At the international level, through his adherence to cardinal principles and rational arguments and the power of his oratory, Michael Manley summoned the conscience of the world to the causes he held dear. His stature as an outstanding world statesman was such that he played pivotal roles in a number of important international initiatives by which relatively powerless nations, working cooperatively, achieved significant gains. Those initiatives include the Gleneagles Agreement against apartheid in sports and consequent United Nations International Convention Against Apartheid in Sports; the resolution of the Southern Rhodesia impasse and creation of the independent state of Zimbabwe; renegotiation of the Panama Canal Treaty between Panama and the United States; the establishment of the International Bauxite Association; and the adoption of the Law of the Sea Convention and location of the International Seabed Authority in Kingston. Significantly, the groundwork underlying the establishment of the International Bauxite Association protected Jamaica from any possible fallout from the introduction of the very significant bauxite production levy by the Manley Government to secure a more equitable share of the proceeds of the exploitation of a depleting Jamaican resource.
Mr Manley’s performance as a regionalist has paid dividends in such areas as the strengthening of the Caribbean Community (CARICOM), various technical exchanges with Cuba, and the economic benefits of the San Jose Accord, followed by the Petro Caribe Agreement. Jamaica’s high profile under his watch earned the nation lasting goodwill and a number of beneficial agreements with countries outside the region.
Reflection of stature
His international stature is reflected in a number of prestigious awards, such as the United Nations gold medal for his contribution to the anti-apartheid struggle; a Socialist International citation for his advocacy of the New International Economic Order and the deepening of democracy in Jamaica and the Caribbean; the World Peace Council’s Juliot Curie Peace Award; the Order of the Caribbean Community; the South African Order of Supreme Companion of O.R. Tambo for his outstanding role in the international campaign against apartheid; induction into the International Civil Rights Walk of Fame at the Martin Luther King Junior National Historic Site in Georgia, USA; and numerous honours from foreign states and institutions.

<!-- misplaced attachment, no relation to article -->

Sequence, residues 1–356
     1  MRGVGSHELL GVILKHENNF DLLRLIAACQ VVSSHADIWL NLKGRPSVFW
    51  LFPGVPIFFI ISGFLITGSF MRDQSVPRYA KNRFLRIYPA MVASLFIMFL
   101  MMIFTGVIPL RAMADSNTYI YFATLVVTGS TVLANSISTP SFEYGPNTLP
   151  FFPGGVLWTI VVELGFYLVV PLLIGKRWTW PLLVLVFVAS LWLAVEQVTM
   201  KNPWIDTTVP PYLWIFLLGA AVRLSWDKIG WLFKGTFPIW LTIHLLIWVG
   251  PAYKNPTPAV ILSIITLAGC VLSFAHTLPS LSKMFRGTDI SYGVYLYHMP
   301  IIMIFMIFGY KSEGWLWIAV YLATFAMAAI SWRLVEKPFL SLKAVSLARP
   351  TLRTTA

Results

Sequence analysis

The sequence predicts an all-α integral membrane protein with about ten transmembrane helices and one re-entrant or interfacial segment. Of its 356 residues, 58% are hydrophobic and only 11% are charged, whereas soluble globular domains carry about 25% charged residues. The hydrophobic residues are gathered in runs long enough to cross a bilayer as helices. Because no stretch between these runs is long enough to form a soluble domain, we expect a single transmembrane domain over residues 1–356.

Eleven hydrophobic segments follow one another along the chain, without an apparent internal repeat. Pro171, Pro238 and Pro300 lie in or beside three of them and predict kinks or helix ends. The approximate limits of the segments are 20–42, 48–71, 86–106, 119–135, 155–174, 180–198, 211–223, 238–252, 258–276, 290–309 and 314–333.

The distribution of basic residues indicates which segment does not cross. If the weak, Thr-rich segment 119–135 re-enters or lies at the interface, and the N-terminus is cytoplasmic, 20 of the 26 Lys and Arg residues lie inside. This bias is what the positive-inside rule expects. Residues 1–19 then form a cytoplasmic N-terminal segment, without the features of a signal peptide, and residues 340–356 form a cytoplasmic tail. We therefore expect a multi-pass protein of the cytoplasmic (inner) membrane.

His world view on economics, which he held in common with other visionary third-world leaders like President Nyerere, did not prevail during his life, but it is noteworthy that in terms of international economic relations the developed countries that resisted his demand for a new international economic order four decades ago are now increasingly adopting Manley prescriptions and embodying them in such programmes as the United Nations Millennium Development Goals.
Manley’s call for an NIEO was tempered by his belief in self-reliance. He became an apostle of South-South cooperation, citing as an example the possibilities of establishing aluminium smelters and extrusion industries by marrying Jamaican bauxite with the energy derived from oil or natural gas produced by another “third world” nation.
His impact on the world was reflected in the Michael Manley Foundation’s Michael Manley Lecture on December 10, 2004, the 80th anniversary of his birth, when his daughter Rachel Manley, addressing “The Quest for a Caribbean Voice”, attested: “I believe that the most important single gift of my father’s legacy to Jamaica was giving voice to the articulation of a vision. He understood that a nation cannot find its way unless it seizes that voice. And seize it he did…Voice is the means by which he articulated our needs and wants and demands and challenges. It was the confidence he gave to that voice as an internationalist that made our tiny nation speak to the world, and made the world listen”.